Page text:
Motorcycle Helmet Safety Standards

Motorcycle Helmet Safety Standards: A Summary and Recommendations

Safety on the road isn’t just about how you ride; it’s also about the gear you wear. When it comes to motorcycling, your helmet is undeniably the most crucial piece of safety equipment. But with a plethora of helmet safety standards, certifications, and labels out there, how do you discern which is the best and safest for you?

Dive into this active guide as we break down the major motorcycle helmet standards, highlighting their processes, acceptance, and controversies. Whether you’re a daily commuter, a weekend rider, or a globetrotting motorcyclist, understanding these standards can be a lifesaver, quite literally. Let’s gear up and get started!

DOT (Department of Transportation)

  • Introduced: 1973.
  • Standard: FMVSS No. 218.
  • Procedure: Allows manufacturers to self-certify.
  • Enforcement: By the National Highway Traffic and Safety Administration.
  • Criticism: Regarded as substandard compared to other standards due to self-certification and outdated criteria.

ECE (Economic Commission for Europe)

  • Versions: ECE 22.05 (2000) and ECE 22.06 (2020).
  • Procedure: New helmets must adhere to 22.06 criteria post-June 2022.
  • Acceptance: Widest globally, especially in European Union countries.
  • Standout: 22.06 is one of the safest homologations on the planet.


  • Introduced: 1957.
  • Version: Motorcycle-specific M2020.
  • Procedure: Updates every 5 years.
  • Controversy: Overbuilt and hard helmets which are not ideal for motorcycling.
  • Versions: M2020D (traditional) and M2020R (compatible with ECE 22.06).
  • Acceptance: Predominantly US and Japan; also recognized in certain race tracks.

FIM (Fédération Internationale de Motocyclisme)

  • Introduction: Considered from 2016.
  • Versions: FRHPhe-01 and FRHPhe-02 standards.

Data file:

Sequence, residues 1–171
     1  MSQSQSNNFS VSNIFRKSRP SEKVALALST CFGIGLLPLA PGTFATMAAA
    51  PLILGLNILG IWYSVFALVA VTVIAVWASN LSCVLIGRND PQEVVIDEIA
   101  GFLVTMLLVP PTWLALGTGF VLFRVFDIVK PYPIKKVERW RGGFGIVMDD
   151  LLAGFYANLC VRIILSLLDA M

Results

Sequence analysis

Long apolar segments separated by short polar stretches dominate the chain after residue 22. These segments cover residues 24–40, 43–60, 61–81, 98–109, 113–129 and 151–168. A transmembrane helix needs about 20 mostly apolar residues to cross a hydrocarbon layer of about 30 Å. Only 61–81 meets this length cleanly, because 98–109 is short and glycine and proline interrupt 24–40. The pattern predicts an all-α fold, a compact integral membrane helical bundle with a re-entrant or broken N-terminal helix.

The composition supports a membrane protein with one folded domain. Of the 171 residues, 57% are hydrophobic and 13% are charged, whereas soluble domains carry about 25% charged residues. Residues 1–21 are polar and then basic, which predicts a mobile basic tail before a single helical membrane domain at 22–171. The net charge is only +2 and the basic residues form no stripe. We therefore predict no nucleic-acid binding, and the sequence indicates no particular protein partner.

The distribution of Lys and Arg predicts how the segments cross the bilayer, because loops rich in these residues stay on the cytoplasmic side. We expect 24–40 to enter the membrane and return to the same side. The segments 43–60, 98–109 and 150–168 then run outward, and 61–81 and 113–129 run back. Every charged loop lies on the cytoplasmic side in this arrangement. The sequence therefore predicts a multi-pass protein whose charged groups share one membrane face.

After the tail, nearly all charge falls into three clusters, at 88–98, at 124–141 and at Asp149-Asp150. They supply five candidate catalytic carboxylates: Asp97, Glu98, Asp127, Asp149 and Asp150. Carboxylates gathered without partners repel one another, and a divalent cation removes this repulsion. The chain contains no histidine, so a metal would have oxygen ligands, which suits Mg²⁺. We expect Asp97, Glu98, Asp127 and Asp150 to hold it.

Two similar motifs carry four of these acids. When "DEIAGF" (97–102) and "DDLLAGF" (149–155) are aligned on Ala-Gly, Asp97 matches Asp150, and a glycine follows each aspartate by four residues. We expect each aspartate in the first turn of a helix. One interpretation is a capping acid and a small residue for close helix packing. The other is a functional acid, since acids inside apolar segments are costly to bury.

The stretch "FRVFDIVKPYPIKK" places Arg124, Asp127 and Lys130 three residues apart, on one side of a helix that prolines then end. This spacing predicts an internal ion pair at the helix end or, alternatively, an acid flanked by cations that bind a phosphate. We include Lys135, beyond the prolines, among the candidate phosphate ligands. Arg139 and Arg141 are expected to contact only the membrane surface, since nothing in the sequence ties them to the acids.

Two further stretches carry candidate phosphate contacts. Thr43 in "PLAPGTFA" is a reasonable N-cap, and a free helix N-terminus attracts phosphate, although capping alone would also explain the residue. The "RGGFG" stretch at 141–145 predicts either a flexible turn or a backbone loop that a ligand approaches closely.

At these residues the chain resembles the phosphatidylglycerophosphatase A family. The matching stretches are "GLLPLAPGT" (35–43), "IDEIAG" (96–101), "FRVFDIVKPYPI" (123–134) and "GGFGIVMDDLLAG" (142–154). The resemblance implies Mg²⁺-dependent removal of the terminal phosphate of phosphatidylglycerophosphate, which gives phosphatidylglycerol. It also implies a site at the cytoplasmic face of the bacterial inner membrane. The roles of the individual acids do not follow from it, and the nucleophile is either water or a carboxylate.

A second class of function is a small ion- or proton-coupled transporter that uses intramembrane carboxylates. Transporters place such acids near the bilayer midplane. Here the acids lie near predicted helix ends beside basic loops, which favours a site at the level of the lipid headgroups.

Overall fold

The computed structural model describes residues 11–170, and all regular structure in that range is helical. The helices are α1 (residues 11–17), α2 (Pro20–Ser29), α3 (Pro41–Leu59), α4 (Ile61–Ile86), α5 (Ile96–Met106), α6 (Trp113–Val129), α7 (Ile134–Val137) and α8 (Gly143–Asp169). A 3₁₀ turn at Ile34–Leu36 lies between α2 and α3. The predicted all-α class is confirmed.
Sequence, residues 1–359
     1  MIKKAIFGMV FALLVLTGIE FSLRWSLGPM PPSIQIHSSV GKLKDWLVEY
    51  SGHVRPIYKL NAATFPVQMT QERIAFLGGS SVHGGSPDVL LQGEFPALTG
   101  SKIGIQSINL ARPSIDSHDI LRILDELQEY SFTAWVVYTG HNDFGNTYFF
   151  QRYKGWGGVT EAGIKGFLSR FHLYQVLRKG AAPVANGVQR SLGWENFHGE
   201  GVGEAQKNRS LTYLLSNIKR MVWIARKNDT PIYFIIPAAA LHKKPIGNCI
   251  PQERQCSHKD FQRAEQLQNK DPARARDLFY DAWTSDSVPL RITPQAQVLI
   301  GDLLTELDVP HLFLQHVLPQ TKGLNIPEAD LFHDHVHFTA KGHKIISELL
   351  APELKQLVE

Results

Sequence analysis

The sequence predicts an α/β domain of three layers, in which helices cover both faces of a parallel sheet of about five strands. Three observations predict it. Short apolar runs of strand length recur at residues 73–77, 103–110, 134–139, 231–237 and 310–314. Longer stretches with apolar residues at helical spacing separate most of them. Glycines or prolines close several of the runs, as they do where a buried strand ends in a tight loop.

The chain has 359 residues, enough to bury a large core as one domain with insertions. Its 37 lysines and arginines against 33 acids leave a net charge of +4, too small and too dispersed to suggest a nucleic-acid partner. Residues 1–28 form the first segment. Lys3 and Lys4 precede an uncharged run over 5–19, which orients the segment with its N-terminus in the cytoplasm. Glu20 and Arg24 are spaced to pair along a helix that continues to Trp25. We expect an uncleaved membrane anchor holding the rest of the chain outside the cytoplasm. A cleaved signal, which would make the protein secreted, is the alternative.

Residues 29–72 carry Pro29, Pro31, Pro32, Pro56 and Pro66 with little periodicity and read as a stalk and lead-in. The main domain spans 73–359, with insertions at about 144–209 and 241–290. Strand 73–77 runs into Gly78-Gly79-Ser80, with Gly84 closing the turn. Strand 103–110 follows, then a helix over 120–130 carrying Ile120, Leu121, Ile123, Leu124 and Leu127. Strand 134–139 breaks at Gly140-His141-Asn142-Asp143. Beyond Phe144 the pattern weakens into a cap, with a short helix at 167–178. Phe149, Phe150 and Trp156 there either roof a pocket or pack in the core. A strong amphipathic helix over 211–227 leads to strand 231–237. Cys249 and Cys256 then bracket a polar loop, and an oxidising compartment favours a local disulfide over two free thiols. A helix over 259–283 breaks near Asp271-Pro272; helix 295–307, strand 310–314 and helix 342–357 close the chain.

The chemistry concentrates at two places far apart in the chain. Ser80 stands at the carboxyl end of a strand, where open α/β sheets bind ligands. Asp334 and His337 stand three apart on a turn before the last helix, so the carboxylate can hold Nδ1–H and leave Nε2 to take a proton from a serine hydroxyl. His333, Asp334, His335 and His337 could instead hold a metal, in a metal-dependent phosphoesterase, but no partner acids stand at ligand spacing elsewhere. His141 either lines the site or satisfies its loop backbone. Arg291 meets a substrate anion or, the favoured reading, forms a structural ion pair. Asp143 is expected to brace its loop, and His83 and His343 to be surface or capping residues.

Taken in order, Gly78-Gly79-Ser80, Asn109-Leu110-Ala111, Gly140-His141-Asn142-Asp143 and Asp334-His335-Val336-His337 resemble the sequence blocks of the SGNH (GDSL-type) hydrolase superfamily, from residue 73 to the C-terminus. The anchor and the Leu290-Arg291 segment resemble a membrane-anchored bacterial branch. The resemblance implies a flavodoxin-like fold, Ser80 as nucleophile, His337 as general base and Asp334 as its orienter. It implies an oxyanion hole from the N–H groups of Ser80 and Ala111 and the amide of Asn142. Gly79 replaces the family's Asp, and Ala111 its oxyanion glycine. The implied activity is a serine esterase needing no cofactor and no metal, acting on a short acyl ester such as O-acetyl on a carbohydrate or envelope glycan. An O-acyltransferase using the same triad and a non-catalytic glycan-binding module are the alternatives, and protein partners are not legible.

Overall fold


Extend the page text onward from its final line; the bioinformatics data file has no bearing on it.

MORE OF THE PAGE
• Testing: Comprehensive, including impact, penetration, and rotational.
  • Target Audience: Primarily racers and high-level motorcycling events.
  • Standout: One of the topmost standards currently.

SHARP (Safety Helmet Assessment and Rating Programme)

  • Independent testing body.
  • Procedure: Tests based on requests and market trends.
  • Rating: Star rating out of five.
  • Standout: Transparent, consumer-focused, and with constant updates.


  • ECE 22.06 and FIM FRHPhe-01/FRHPhe-02 are currently the safest and most recommended standards. Motorcyclists should prioritize helmets with these certifications.
  • SHARP is continually evolving and is a reliable marker of helmet safety.
  • DOT needs an update in its testing methods and criteria to ensure optimum safety.
  • The relevance of the Snell standard is debatable given its inherent controversies and the industry’s progression.

Motorcyclists should always prioritize safety and opt for helmets that not only meet but exceed current safety standards. As the industry evolves and more research comes to light, it is essential to stay updated and make informed choices. Always remember, when it comes to helmets, safety first!



In the world of motorcycling, the helmet is more than just an accessory; it’s a lifeline. As we’ve journeyed through the various safety standards, it’s evident that not all helmets are created equal. It’s imperative for riders to not only wear a helmet but to choose one that adheres to the highest safety standards.

By staying informed and understanding the nuances of each certification, riders can make choices that prioritize their safety on the road. After all, when it comes to protecting the head, there’s no room for compromise. Ride safe, stay informed, and always ensure your helmet meets or exceeds the industry’s best practices. Remember, every ride is a statement, and the right helmet can speak volumes about your commitment to safety. Safe travels on all your future journeys!

Sharp 2025 Motorcycle Info – Snell Hurt Report Billy Crash Helmets – ECE 22.06Ultimate Motorcycling – Helmet Standards Explained Bennetts – FIM Helmet Standard Eurosport – FIM Phase One Rollout

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